Although we don't believe in timing the market or panicking over market movements, we do like to keep an eye on big changes -- just in case they're material to our investing thesis.

What: Shares of Omeros (NASDAQ:OMER), a clinical-stage biopharmaceutical company focused on developing therapies to treat inflammation, coagulopathies, and central nervous system disorders, fell as much as 11% after announcing a share offering of common stock and reporting its fourth-quarter earnings results after the closing bell last night.

So what: For the quarter, Omeros reported revenue of $169,000 and a considerably smaller net loss of just $1.85 million, or $0.05 per share, compared to $7.73 million, or $0.30 per share in the year-ago period. It should be noted, however, that the receipt of a settlement with CCIC, a former insurer, reduced its quarterly loss by $0.41 per share.

The bigger story, though, appears to be the common stock offering of 3,043,479 shares, which priced at $11.50, or 6.5% below yesterday's closing price. Omeros' stock offering should raise a gross of $35 million in funds, which it plans to use for the potential commercialization of Omidria (formerly OMS302) and to further the clinical research of other pipeline products, such as OM824 and OMS721.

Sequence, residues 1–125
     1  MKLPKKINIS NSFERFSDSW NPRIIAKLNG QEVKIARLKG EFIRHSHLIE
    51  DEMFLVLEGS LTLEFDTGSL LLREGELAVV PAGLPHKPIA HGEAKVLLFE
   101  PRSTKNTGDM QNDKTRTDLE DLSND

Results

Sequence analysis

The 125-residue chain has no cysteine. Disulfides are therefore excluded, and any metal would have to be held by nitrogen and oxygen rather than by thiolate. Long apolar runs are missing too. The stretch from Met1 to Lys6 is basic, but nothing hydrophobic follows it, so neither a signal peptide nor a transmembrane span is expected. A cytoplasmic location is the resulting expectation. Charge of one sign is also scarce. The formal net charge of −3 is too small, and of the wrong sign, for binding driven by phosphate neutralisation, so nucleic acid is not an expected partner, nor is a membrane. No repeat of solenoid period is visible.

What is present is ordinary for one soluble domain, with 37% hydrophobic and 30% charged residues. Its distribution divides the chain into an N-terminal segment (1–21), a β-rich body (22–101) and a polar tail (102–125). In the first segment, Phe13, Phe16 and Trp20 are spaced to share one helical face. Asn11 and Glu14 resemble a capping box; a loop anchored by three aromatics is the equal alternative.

Now what: What we're seeing here today is the classic example of the risk of dilution associated with the biotech sector. Because many clinical-stage companies are far too prideful to partner up their lead drugs, they often turn to secondary share offerings to raise the required capital. While this does keep them afloat, it also exposes shareholders to the constant threat of dilution. The simple fact that the share offering priced 6.5% below yesterday's close gives investors a clue that demand simply wasn't there for those shares. Overall, Omeros' share offering will increase the number of shares outstanding by 10% and shares are down by close to 10% today, so it seems like a pretty fair trade-off.

This article represents the opinion of the writer, who may disagree with the “official” recommendation position of a Motley Fool premium advisory service. We’re motley! Questioning an investing thesis -- even one of our own -- helps us all think critically about investing and make decisions that help us become smarter, happier, and richer.